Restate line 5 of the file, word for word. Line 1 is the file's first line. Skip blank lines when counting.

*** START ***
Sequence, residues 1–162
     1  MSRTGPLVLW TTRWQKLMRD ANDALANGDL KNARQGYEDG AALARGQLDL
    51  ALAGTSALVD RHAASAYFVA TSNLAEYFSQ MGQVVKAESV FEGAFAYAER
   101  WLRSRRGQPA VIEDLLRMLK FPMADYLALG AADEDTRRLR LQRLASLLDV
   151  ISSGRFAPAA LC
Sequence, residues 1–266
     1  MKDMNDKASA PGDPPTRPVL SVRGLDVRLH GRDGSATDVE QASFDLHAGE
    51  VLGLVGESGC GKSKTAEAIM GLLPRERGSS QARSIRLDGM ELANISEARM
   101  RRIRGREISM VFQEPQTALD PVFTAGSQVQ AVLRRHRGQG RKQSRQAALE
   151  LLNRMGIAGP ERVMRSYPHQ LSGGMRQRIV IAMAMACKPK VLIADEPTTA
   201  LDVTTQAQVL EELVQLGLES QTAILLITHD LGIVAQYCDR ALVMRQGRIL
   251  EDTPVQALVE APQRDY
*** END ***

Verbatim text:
   151  ISSGRFAPAA LC